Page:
The Apple-Samsung patent trial came to a close last night with the jury unanimously finding that that Samsung had infringed upon multiple patents for technologies used in the iPhone and iPad. The crux of the finding was that Samsung was guilty of infringing upon numerous Apple patents, and that Apple should be awarded in excess of $1 billion for the losses it has incurred as a result of Samsung’s actions.
Apple spokesperson Katie Cotton noted (via NYTimes) “The mountain of evidence presented during the trail showed that Samsung’s copying went far deeper than even we knew. The lawsuits between Apple and Samsung were about much more than patents or money. They were about values. At Apple, we value originality and innovation and pour our lives into making the best products on earth. We make these products to delight our customers, not for our competitors to flagrantly copy“.
Samsung, however was far from happy, with a statement saying “Today’s verdict should not be viewed as a win for Apple, but as a loss for the American consumer…It is unfortunate that patent law can be manipulated to give one company a monopoly over rectangles with rounded corners, or technology that is being improved every day by Samsung and other companies“.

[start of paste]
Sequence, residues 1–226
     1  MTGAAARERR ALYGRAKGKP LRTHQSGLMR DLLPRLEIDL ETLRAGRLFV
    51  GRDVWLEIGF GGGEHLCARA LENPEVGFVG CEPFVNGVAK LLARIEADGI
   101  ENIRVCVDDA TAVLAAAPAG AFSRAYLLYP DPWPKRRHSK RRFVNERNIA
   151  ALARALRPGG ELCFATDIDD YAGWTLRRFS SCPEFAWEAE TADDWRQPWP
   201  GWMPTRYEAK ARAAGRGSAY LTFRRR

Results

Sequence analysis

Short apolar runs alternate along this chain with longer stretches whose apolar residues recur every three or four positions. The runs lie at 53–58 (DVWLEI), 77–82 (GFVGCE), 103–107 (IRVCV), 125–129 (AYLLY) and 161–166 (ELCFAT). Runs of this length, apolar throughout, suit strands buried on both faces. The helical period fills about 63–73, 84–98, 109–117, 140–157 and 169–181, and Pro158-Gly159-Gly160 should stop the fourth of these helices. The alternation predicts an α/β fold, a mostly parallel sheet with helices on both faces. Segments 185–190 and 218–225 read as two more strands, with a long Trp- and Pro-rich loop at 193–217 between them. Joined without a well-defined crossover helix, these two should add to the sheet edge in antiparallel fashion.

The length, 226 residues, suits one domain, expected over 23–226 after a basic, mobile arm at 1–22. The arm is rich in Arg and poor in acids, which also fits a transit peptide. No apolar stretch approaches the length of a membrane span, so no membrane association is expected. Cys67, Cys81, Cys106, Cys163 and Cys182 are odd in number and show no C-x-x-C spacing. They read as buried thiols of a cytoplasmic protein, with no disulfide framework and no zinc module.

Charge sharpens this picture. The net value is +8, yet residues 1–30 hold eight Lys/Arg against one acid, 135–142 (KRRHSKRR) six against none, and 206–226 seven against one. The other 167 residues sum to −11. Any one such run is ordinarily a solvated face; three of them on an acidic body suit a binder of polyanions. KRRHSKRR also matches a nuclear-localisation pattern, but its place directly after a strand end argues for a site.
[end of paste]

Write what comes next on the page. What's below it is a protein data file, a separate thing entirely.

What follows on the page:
While this may seem like bluster following the loss in the courtroom, it is perhaps more accurate as a reflection of the situation than one may realize. In this case ‘improving’ is the key word, rather than ‘innovating’. In order to ‘improve’ a product, which in itself is subjective, the product or technology must first be invented. It is this lack of invention that was at the core of this trial.
This trial was about more than money or compensation. It was about sending a message.